Published March 15, 2019.
The New Yorker map of the United States went on to reflect the New Yorker’s notions in the very sizes the several areas appeared to have on the map. Our Mercator world maps have done much the same thing for our Western world image. Some say the Mercator world map is so popular because it shows the correct angles essential for navigation (even though its shapes are almost as badly distorted as its areas). But if you use a map not for navigating but for placing and comparing at a glance different parts of the world, shapes and areas are more important than angles. Moreover, areas are more important than shapes, because they have cultural implications. What is objectionablea bout the Mercatorw orld map in fact is not that it distorts the shape of North America, nor even that it shows Greenland so large-our conception of Greenland makes little difference. Rather, it is that it shows India so small, and Indonesia, and all Africa. (I call such a world map the “Jim-Crow projection” because it shows Europe as larger than Africa.) (Hodgson 1963, 228)
Here is an obvious fact: train tracks running off into the distance appear to converge but do not in fact converge. Why is this? One might start talking about perspective. Think of a canvas placed between the tracks and an observer. Draw lines from her to the ends of a close tie and the angle is quite obtuse; draw again to the ends of a distant tie and the angle is acute. In the former case the lines pierce the canvas at distant points and in the latter in tight pairs. This is just perspective, one might conclude, the sort of thing Euclid taught us.
But we do not see with a canvas placed at a close remove: we see with our eyes. Fair enough, but the principle of the thing holds. Perhaps we should instead imagine a sphere encasing the head instead (our eyes are more or less spheres) and end up with a non-Euclidean geometry of the visible. (As, apparently, Thomas Reid did, cf. Daniels 1972.) This model too oversimplifies—it does not, for example, give us an account of binocular vision—though perhaps there is something to it: the points at a distance strike closer together on the retina and so appear closer.
Why, however, should two points striking closer on the retina mean that they appear closer? There is surely no deep necessity here: there could be a creature with eyes like ours who had isometric vision. For them, train tracks would not diminish in apparent size as they got further away. This child’s drawing perspective is odd, but is not inconceivable. Moreover, as Hatfield (2011) informs us, modern perceptual psychology suggests that apparent space is not so neatly mathematical as the above models would have it (cf. Wagner et al. 2018). The apparent size of objects diminishes “less rapidly than would be predicted by the diminution in visual angle angle” (47). Our visual experience is more like a Roman fresco than a Rennaissance painting.
If geometry, then, does not determine apparent diminuition of size with distance, we should wonder what does. In recent, unpublished work Hatfield suggests a broadly evolutionary explanation. The closeness of distant points on the retina is relevant, but relevant only insofar as with the compressed retinal distance comes decreased available visual information. Think of our fantastical isometric friend again. Suppose she is looking at, say, the Bayeux tapestry rolled out lengthwise away from her. It would appear to her as a perfect, quite long rectangle. The farther regions, further up in her visual fields, however, would likely be blurred or pixelated as fewer pieces of information (fewer stimulations of rods and cones) had to take up equivalent apparent area.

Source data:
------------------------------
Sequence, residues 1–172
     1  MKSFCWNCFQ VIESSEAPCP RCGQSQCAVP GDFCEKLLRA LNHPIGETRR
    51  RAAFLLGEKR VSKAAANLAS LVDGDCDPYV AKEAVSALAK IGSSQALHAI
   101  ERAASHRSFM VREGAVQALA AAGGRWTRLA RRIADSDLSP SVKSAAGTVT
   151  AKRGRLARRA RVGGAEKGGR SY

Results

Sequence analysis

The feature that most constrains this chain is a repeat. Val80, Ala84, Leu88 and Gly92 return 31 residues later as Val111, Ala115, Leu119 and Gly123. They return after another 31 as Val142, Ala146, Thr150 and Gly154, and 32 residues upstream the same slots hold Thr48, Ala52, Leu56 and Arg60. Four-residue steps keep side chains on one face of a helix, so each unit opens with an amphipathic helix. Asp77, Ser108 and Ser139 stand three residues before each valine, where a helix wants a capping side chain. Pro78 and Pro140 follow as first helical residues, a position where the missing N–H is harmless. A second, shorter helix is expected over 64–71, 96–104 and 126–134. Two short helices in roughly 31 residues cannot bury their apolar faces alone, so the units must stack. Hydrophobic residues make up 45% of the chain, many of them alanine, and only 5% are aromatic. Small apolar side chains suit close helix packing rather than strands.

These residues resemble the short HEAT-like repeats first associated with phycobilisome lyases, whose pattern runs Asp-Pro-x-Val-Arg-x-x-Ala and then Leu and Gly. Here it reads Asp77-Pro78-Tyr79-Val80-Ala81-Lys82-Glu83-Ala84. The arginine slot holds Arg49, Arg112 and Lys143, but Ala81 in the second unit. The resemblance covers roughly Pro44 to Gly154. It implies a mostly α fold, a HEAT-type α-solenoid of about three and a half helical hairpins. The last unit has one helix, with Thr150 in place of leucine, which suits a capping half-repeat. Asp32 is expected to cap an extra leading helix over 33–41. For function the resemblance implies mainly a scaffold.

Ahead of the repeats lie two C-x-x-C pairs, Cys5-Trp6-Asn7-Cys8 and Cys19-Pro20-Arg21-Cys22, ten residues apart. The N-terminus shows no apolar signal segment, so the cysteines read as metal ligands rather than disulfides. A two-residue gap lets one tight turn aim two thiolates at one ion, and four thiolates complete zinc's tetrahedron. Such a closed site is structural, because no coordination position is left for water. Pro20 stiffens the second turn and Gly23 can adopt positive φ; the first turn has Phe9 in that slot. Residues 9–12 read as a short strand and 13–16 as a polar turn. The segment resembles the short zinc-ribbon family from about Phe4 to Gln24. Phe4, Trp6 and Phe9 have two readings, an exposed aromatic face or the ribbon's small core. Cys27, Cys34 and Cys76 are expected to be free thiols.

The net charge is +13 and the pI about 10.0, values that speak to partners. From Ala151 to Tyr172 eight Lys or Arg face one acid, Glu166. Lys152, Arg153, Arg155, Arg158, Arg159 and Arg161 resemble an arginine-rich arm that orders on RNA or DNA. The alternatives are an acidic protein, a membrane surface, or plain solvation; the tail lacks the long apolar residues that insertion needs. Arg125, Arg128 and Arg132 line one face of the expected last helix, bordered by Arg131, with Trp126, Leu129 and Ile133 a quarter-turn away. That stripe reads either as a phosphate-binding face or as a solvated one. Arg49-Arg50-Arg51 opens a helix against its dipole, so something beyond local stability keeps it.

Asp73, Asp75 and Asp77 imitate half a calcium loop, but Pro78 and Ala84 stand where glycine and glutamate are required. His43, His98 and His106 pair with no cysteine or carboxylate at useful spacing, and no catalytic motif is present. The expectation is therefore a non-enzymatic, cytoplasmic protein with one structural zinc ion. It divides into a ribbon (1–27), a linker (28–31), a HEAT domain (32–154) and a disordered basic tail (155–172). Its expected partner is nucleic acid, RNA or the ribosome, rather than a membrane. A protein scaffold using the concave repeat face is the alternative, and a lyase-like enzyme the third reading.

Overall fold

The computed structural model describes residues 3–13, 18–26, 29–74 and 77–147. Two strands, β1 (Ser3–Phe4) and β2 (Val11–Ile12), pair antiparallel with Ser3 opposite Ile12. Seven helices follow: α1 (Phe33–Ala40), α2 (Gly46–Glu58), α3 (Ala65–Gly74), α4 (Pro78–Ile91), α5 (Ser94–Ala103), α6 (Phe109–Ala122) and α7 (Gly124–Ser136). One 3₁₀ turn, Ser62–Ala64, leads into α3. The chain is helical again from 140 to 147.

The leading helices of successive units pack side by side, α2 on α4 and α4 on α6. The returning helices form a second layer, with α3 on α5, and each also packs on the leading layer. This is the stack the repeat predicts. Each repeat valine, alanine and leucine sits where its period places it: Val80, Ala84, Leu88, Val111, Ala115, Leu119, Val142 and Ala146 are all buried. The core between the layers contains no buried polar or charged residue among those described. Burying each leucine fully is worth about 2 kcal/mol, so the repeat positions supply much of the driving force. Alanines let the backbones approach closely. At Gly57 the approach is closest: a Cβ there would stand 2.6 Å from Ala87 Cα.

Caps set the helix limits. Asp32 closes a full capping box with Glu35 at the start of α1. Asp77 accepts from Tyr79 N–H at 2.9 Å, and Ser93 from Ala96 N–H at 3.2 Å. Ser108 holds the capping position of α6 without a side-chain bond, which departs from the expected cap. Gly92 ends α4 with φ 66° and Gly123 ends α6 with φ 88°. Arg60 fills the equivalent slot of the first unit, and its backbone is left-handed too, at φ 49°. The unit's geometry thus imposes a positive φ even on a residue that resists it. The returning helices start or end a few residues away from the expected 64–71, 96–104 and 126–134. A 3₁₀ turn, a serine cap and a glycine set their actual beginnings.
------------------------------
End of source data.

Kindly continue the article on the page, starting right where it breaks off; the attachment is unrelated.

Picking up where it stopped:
The human visual system, then, diminishes far off objects to maintain a relative constancy of information-per-area, this being a useful feature. This system has other attractions: allowing us to estimate relative size and distant and orient ourselves in our environment. As a consequence, Hatfield suggests, we should think of this phenomenon not as misrepresenting the size of distance objects, but presenting objects in a way that makes salient certain features of the objects and their arrangements. (That is, though our vision does indeed represent distant objects with less apparent size it does not represent them as having less physical size.)
Something similar clearly holds for maps. In the cartographic case, the organizing scheme of the representation owes itself to the intentions of a designer, rather than to evolution, but the goal is the same: to compress a complex three-dimensional arrangement in a way that makes it easy to extract useful information. The Mercator projection, for instance, preserves angles but, like our vision, has objects closer to the equator diminish in apparent size. Again, it is not that the Mercator projection represents, say, that Greenland is larger than Brazil, but that it does represent Greenland more prominently than it does Brazil.
Here, I am disagreeing verbally with Hodgson (1963). I do not think that the Mercator projection “shows Europe as larger than Africa” (228).1 But I take his point as valuable and want to reframe it slightly. He offers an explanation of the popularity of the map, despite its potentially misleading foreshortening, in that “it flatters our egos” (229). Importantly, he understands this foreshortening as, in effect, offering less information, a lower resolution, for regions nearer the equator.